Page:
On February 23, 2016, the U.S. District Court for the Northern District of California issued an order denying the plaintiffs’ motion for reconsideration and granting the defendant’s motion for judgment on the pleadings in the shareholder class action originally brought in August 2008 by Northstar Financial Advisors, Inc. (Northstar),  on behalf of its clients, against Schwab Investments (the Trust), a Massachusetts business trust, the Board of Trustees of the Trust (the Board) and Charles Schwab Investment Management, Inc. (CSIM). In doing so, the District Court has now ruled against the plaintiffs on all claims in this case, having determined that all such claims are precluded by the Securities Litigation Uniform Standards Act of 1998 (SLUSA). Northstar, on behalf of its clients, had filed a shareholder class action lawsuit against the Trust, the Board and CSIM, setting forth a number of claims based on allegations that the Schwab Total Bond Market Fund (the Fund), a series of the Trust for which CSIM serves as investment adviser, deviated from its fundamental investment policies. The case was on remand to the District Court after the U.S. Court of Appeals for the Ninth Circuit reversed the District Court’s dismissal of several claims and ruled, among other things, that Northstar (1) could bring state law claims for breach of fiduciary duty against the Board directly, rather than derivatively, (2) could assert a claim against the Fund itself for breach of a purported contract between Fund shareholders and the Trust based on “the mailing of the proxy statement and the adoption of the two fundamental investment policies after shareholders voted to approve them, and the annual representations by the Fund that it would follow these policies” and the shareholders’ acceptance of the terms set forth in the proxy statement and prospectuses by means of their investment in the Fund, and (3) could bring a claim against CSIM under the theory that shareholders should be considered third-party beneficiaries of the Fund’s investment advisory contract with CSIM.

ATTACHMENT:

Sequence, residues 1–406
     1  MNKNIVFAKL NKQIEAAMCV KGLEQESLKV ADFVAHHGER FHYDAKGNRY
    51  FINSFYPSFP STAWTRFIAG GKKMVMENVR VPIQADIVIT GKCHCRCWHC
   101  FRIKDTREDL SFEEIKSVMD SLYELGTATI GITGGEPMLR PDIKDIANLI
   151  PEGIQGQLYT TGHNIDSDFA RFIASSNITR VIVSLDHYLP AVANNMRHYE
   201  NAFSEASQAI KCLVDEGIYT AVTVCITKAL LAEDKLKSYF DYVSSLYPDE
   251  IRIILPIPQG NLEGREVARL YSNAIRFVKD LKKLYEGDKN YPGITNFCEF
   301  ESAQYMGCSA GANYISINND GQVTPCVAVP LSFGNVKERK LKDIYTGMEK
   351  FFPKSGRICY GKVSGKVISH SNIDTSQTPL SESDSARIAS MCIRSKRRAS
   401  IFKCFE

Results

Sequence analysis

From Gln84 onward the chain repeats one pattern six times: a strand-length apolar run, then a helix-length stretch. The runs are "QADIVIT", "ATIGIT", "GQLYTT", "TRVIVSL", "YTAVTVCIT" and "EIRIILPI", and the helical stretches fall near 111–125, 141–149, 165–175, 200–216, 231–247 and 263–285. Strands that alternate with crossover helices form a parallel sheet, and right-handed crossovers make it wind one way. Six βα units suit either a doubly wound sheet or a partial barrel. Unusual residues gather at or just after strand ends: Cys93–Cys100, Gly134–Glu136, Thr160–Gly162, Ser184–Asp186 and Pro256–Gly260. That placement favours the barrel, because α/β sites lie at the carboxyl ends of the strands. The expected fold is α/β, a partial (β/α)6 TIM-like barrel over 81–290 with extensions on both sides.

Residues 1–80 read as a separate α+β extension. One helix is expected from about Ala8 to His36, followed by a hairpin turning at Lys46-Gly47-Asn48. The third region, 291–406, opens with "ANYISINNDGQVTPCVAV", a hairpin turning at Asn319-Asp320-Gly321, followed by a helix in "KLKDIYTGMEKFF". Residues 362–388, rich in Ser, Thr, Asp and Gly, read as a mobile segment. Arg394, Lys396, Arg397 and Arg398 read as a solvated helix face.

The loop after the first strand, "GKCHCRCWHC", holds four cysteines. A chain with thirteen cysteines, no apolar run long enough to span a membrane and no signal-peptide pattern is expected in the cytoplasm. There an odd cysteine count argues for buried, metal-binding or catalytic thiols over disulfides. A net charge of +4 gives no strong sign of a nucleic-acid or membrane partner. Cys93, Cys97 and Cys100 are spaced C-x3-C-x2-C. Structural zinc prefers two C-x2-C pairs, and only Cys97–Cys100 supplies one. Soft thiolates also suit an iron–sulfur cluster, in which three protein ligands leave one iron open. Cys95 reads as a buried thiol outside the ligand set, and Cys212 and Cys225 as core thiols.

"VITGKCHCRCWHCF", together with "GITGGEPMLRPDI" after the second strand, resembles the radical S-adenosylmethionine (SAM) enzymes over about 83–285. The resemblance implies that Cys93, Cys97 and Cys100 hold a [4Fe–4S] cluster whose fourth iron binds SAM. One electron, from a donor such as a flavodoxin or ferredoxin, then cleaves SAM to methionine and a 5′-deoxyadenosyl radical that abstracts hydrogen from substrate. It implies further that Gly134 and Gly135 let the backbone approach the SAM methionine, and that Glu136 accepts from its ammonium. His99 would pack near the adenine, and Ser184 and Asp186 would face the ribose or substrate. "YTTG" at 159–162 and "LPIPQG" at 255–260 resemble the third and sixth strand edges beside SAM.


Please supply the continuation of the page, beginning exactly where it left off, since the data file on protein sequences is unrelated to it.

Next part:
SLUSA generally bars class action lawsuits if the action is based on state law claims and alleges either a material misrepresentation or omission or the use of manipulation or deception in connection with the purchase or sale  of a “covered security,” which includes shares of mutual funds. The District Court found that “the gravamen of Northstar’s allegations” is that the defendants misrepresented or omitted a material fact in their management of the Fund: “If, as Northstar alleges, Defendants did deviate from the Fund’s investment objectives, then Defendants committed a misrepresentation or omission of material fact. Specifically, Defendants promised to manage the Fund one way, but ended up managing the Fund in a different way.” Thus, the District Court determined that Northstar’s allegations are subject to SLUSA preclusion.

The case is Northstar Financial Advisors, Inc. v. Schwab Investments, et al., case number 5:08-cv-04119 in the U.S. District Court for the Northern District of California. Northstar filed a notice of appeal to the U.S. Court of Appeals for the Ninth Circuit on February 25, 2016.